Today we celebrate the fears of those who do not understand that magic does not affect reality. Our fears of magic can affect reality, when we act on those fears. Why should a special day cause more problems than a boring day? Many people believe in magic powers as being more than just the fictional entertainment we see in novels and movies.

Here is another study of the effects of Friday the 13^{th} on emergency medicine/EMS that I have not written about. It is no surprise that they did not find what is not there – an influence of this magic date on the type or volume of patients in the emergency department.

CONCLUSIONS:

Although the fear of Friday the 13th may exist, there is no worry that an increase in volume occurs on Friday the 13th compared with the other days studies. Of 13 different conditions evaluated, only penetrating traumas were seen more often on Friday the 13th. For those providers who work in the ED, working on Friday the 13th should not be any different than any other day.^{[1]}

When measuring of a large number of variables, it is expected that one, or more, will appear to be statistically significant. This is why the p value of outcomes should be adjusted when there are multiple outcomes being measured. The p value is just a measure of how likely it is that the result occurred by chance (and thus meaningless), so the more chances, the more likely that the meaningless is considered significant.

Fear of Friday the 13^{th} is mistakenly attributing some magical power to a day, to a number, to the calendar, and/or to some other variation of belief in the magic of numbers.

Numbers are important and can provide us with useful information about the risks in our lives. The risks we take confidently, cautiously, or those we don’t take. Often our decisions about risk are based on faulty information, such as the fear of a date. Mathematical literacy is necessary to understand the ways that we can use numbers to obtain valid information. John Allen Paulos created the term innumeracy to describe our lack of literacy in the language of numbers. He explained this in 1988 in his book *Innumeracy: Mathematical Illiteracy and its Consequences*.^{[2]}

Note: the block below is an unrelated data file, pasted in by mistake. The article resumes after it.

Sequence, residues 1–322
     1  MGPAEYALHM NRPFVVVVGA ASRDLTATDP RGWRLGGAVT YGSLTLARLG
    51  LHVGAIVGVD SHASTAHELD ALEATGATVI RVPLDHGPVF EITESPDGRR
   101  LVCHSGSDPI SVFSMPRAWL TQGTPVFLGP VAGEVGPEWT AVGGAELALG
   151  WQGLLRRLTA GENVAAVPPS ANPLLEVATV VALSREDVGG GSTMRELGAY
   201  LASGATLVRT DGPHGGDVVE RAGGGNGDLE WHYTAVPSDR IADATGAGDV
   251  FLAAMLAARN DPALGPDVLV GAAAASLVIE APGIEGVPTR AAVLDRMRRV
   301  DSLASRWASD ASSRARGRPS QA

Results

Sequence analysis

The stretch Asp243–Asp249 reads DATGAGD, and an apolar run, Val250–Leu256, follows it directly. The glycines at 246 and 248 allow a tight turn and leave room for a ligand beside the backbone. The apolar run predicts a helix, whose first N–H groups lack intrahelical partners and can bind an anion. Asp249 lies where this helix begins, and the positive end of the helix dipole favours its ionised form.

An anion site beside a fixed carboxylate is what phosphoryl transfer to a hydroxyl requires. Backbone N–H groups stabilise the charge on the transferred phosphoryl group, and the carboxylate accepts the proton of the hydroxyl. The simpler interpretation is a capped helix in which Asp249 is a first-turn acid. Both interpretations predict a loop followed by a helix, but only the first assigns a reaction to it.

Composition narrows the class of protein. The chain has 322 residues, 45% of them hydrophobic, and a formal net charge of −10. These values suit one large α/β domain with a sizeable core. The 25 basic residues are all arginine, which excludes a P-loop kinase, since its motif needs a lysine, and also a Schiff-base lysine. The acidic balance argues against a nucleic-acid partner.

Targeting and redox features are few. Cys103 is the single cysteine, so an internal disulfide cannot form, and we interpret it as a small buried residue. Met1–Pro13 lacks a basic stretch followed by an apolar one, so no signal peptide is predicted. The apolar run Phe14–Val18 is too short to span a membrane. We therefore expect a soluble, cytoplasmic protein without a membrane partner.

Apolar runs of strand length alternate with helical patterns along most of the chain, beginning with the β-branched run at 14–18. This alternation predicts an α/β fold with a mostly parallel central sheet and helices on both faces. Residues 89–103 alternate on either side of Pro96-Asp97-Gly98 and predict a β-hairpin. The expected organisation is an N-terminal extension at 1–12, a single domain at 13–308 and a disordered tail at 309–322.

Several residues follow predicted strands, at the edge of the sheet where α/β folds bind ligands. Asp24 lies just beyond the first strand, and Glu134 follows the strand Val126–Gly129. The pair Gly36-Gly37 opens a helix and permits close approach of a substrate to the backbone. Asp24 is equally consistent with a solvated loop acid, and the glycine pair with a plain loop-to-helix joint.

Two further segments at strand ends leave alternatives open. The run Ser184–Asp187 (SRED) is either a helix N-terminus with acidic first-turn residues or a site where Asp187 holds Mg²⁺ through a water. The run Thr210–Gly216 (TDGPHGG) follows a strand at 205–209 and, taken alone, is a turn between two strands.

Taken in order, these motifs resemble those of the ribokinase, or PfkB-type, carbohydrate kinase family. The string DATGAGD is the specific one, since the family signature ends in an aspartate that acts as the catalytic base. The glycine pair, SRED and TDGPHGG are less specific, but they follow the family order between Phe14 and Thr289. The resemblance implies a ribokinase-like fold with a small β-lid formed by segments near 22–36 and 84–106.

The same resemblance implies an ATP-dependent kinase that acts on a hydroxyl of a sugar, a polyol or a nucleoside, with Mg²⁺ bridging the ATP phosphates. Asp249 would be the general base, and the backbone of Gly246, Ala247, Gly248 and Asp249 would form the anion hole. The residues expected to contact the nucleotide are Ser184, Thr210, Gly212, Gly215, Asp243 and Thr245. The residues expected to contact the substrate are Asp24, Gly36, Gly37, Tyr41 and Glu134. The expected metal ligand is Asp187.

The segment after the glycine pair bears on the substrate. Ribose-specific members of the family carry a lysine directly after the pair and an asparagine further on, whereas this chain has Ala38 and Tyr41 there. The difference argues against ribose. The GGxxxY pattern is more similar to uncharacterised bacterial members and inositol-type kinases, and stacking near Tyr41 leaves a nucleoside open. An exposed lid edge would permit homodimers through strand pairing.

Oh! But what about *Lies, damned lies, and statistics*?

Doesn’t using math make it easier for people to lie to us?

No. Ignorance of math makes it easier for people to lie to us with math.

People do not often lie with numbers. People lie with words. Maybe they lie with the salesman smile. Maybe they lie with the fear monger frown. Maybe they lie unintentionally, because they don’t know what they are talking about. They lie with words. Our ignorance of logic, not our understanding of math, is what allows us to fall victim to most lies.

Today is another Friday that is no more exciting than any other Friday.

Luck works in our favor when we are prepared for the results of our actions, but that is not the kind of luck many people want to understand.

**Happy Friday the 13th – New and Improved with Space Debris** – Fri, 13 Nov 2015

**Friday the 13th and full-moon – the ‘worst case scenario’ or only superstition?** – Fri, 13 Jun 2014

**Blue Moon 2012 – Except parts of Oceanea** – Fri, 31 Aug 2012

**2009’s Top Threat To Science In Medicine** – Fri, 01 Jan 2010

**T G I Friday the 13th** – Fri, 13 Nov 2009

**Happy Equinox!** – Thu, 20 Mar 2008

–

Footnotes:

–

^{[1]} **Answering the myth: use of emergency services on Friday the 13th.**

Lo BM, Visintainer CM, Best HA, Beydoun HA.

Am J Emerg Med. 2012 Jul;30(6):886-9. doi: 10.1016/j.ajem.2011.06.008. Epub 2011 Aug 19.

**PMID: 21855260**

–

^{[2]} **Innumeracy: Mathematical Illiteracy and its Consequences**

Wikipedia

**Page on Wikipedia**

.

## Subscribe to RogueMedic.com